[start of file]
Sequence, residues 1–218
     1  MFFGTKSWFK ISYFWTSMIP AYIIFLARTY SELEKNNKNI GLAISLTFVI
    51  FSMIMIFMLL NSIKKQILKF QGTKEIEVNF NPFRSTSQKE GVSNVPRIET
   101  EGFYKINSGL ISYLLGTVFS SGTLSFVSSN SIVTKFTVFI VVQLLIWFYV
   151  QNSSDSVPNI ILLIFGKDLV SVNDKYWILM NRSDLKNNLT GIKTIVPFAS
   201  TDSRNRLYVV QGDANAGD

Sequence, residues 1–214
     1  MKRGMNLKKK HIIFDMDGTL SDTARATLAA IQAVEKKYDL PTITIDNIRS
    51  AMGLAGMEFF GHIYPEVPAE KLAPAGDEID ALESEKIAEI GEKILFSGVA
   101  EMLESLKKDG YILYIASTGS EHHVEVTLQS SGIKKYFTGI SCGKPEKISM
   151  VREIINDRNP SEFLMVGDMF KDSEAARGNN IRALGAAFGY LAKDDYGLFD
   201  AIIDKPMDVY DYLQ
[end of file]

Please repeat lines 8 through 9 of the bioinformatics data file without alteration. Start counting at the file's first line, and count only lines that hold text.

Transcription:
     1  MKRGMNLKKK HIIFDMDGTL SDTARATLAA IQAVEKKYDL PTITIDNIRS
    51  AMGLAGMEFF GHIYPEVPAE KLAPAGDEID ALESEKIAEI GEKILFSGVA